If you check these definitions above you will see there is an extra meaning attached in both definitions.

OLD - "See.... partially". Cambridge - "See... only partly".

If you want to express the idea that someone caught sight of an object glimpse would be the natural choice. If you want to express that someone looked in the direction of an object briefly glance is the natural choice.

If you want to express the idea that the brief look meant they only partially saw the object, then glimpse is definitely the better word to use!

Edit:

From commentary to this answer and the original question, it is clear that many users feel there is a distinction with regards the intention of the person looking when they glimpse or glance.

With glance carrying the quality of intention, and glimpse being an unintentional act. While I personally don't agree with this view, given the number of people here that do, I think it would be remiss of me not to acknowledge the viewpoint here in this answer.

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    This answer is well-presented and well-researched. And I think it's very useful to underscore that one verb is transitive and the other isn't. But I can't yet upvote it, because I think it misses the critical difference between the words (which explains in part the difference in their transitivity), which I tried to capture briefly in an earlier comment. I think without centering that difference in the answer, it's misleading. – Dan Bron Jan 15 '18 at 20:03
  • Thanks for the comments @DanBron (both of them!) I did consider what you wrote in your comments, but found I disagreed to some extent which is why I didn't mention the sense of intention you addressed. I did find myself initially agreeing with what you said, glimpse has an air of accident about it, but the more I thought about it, the more I thought glimpse can also have marked intention - e.g. google.co.uk/search?tbm=bks&hl=en&q=%22glimpsed+at%22 ("I glimpsed at my watch"). Of course happy to update the answer, if there is some source which might cite this intentional quality! – Gary Jan 15 '18 at 20:10
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    I think this is a matter of pragmatics or usage, not necessarily dictionary definitions. For example, compare the nGrams of glance/glanced at vs glimpse/glimpsed at: bit.ly/2Ddi4TD . The former have very healthy collocations, whereas the latter is a flat line which hovers just above zero. A quick COCA search corroborates these relative frequencies as well: corpus.byu.edu/coca/?c=coca&q=62630425 . But if you want a more explicit reference, OP's link to "difference between" makes materially the same observation (but using more words): bit.ly/2r92Tp5 . – Dan Bron Jan 15 '18 at 20:18
  • You glance at things that you were previously aware of. You glimpse things that you were not previously aware of. – Phil Sweet Jan 15 '18 at 22:13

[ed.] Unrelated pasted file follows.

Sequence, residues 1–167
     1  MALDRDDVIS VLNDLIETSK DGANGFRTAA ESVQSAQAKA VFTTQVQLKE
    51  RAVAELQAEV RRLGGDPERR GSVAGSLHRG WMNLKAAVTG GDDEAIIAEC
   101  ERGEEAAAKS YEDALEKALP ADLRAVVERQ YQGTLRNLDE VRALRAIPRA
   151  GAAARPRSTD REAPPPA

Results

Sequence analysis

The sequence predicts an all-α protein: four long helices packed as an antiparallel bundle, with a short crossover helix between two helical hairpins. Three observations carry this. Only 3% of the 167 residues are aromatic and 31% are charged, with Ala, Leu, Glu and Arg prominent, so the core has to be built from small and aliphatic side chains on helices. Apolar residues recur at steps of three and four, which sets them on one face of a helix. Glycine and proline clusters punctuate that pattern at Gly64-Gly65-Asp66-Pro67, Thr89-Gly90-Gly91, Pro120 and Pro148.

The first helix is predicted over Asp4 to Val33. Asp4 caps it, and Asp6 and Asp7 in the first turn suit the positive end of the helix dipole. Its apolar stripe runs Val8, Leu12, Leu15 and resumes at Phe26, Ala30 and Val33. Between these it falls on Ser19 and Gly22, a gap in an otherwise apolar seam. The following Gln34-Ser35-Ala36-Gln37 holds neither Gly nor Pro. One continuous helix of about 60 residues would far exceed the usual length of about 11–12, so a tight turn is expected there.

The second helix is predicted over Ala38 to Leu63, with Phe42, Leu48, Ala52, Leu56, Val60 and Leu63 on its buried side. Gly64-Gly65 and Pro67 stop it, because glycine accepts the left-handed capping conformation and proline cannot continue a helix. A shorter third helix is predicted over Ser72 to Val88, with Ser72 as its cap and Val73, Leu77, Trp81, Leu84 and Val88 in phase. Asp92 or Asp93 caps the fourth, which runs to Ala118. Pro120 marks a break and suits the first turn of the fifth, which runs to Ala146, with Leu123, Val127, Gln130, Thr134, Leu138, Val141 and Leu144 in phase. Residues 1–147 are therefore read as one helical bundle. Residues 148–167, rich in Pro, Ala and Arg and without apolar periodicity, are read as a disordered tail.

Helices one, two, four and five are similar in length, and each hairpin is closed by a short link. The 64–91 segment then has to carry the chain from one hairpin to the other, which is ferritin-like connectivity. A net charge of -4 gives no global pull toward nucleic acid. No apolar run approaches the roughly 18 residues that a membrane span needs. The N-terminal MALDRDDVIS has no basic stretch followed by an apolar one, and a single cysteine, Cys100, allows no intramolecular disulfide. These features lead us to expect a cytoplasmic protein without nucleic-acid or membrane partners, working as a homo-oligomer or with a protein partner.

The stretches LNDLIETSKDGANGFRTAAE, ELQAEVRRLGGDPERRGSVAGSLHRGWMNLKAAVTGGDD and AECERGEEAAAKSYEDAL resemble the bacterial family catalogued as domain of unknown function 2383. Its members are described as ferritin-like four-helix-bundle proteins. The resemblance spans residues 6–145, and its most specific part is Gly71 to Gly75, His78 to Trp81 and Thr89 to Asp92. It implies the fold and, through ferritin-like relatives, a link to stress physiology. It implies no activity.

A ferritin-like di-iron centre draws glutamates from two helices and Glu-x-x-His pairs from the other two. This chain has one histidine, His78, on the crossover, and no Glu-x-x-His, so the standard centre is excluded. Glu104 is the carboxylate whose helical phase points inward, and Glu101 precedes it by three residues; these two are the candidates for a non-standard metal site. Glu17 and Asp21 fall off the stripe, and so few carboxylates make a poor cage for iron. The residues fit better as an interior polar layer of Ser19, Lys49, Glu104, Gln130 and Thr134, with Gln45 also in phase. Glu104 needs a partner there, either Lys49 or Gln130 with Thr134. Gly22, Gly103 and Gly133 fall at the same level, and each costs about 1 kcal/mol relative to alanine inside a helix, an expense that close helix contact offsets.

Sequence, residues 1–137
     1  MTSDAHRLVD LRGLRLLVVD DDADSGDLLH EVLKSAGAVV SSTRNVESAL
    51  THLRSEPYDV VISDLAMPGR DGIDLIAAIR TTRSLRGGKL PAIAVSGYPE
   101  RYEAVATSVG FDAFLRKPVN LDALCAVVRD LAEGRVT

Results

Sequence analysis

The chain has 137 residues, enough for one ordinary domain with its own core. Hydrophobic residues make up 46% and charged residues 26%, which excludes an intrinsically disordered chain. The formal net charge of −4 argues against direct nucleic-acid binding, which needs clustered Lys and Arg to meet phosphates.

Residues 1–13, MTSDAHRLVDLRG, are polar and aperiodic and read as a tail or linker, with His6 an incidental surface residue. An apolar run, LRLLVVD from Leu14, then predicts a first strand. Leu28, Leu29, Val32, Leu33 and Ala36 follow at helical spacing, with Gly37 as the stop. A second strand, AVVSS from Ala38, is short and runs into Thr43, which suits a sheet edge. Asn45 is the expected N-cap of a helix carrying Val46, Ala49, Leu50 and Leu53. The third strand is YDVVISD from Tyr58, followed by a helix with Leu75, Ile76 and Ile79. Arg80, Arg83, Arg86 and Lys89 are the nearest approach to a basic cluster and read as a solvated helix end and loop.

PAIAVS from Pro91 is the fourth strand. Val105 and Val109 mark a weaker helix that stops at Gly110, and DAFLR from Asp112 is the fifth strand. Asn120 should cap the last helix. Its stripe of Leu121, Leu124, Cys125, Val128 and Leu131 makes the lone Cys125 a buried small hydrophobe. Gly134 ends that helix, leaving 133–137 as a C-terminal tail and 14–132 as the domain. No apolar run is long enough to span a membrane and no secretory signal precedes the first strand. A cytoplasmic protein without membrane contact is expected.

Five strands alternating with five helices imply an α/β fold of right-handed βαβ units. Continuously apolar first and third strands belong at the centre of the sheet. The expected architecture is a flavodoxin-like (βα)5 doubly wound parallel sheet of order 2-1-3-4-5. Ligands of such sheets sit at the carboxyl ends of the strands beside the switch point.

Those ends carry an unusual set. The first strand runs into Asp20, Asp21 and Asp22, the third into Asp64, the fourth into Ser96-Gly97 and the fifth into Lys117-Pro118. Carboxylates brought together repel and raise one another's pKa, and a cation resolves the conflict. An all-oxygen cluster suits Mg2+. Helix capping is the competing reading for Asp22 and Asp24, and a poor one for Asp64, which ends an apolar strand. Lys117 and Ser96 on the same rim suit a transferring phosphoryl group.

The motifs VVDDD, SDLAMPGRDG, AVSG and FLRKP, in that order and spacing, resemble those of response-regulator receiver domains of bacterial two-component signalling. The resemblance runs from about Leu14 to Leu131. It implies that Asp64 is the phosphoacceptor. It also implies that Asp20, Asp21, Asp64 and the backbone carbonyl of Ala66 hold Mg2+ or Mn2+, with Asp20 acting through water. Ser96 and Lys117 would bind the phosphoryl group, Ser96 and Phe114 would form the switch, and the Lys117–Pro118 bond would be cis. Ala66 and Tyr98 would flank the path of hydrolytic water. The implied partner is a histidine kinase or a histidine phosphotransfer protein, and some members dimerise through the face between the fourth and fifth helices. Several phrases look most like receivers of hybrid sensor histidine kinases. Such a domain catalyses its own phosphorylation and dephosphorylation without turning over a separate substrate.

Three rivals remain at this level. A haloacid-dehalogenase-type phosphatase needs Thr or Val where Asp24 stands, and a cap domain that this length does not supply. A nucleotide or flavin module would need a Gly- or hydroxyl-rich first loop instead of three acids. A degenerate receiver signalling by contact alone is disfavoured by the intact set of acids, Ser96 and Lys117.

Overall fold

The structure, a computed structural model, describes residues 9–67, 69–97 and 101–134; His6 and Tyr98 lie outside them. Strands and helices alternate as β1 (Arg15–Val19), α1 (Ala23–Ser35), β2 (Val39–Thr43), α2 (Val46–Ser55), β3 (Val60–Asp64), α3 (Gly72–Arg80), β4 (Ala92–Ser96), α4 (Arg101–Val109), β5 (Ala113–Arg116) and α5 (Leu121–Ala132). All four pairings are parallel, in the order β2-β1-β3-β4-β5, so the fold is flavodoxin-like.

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    I think it is possible to glimpse something intentionally (perhaps by glancing in its direction). But I do think there is a significant difference in meaning, similar to the the difference between look and see: one implies intent, while the other neither implies nor absolutely rules out intent. – David K Jan 16 '18 at 3:37
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A glimpse is to get to look at something for only a moment. For example, is a celebrity comes to your city, you might want to get a glimpse at them

A glance is to momentarily look at something momentarily before looking away. An example of this is when you glance at someone or something that captures your attention for a second.

Hope this helps!

  • This makes intuitive sense to me. Any source to cite for this? – vidget Mar 5 '18 at 20:30
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Are 'glimpse' and 'glance' interchangeable as verbs?

According to Webster's (c.1959, without Merriam), glimpse as a verb may be either transitive:

to catch a glimpse of; to see momentarily and incompletely; to have a quick view of...

...or intransitive:

glimpse; glimpsed (glimst) past tense or past participle; glimpsing present participle.

  1. to appear by glimpses (Archaic or Poetic)
  2. to glance; to look or see quickly

[Middle English glimsen, from glim; Anglo Saxon gleomu meaning "brightness"]

The same source states that glance as a verb may also be either transitive (which meaning is entirely irrelevant to the question, as it is completely irrelevant to the meaning of glimpse as a verb)... or intransitive:

  1. to look with a sudden, rapid directing of the eye; to snatch a momentary or hasty view

[Old French glacier meaning "to slide or slip"]

In conclusion, while glance and glimpse differ in origin, it is obvious that in modern English the two are interchangeable when used as intransitive verbs. In fact, the very definition of glimpse is to glance or to look quickly, while the corresponding definition of glance is to look suddenly, rapidly, or hastily.

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"You glance at things that you were previously aware of" What about the following scenario? "While looking in the antique shop for a suitable painting for the set of our play, I recognised at a glance that the battered looking chair in the corner..." No previous awareness there.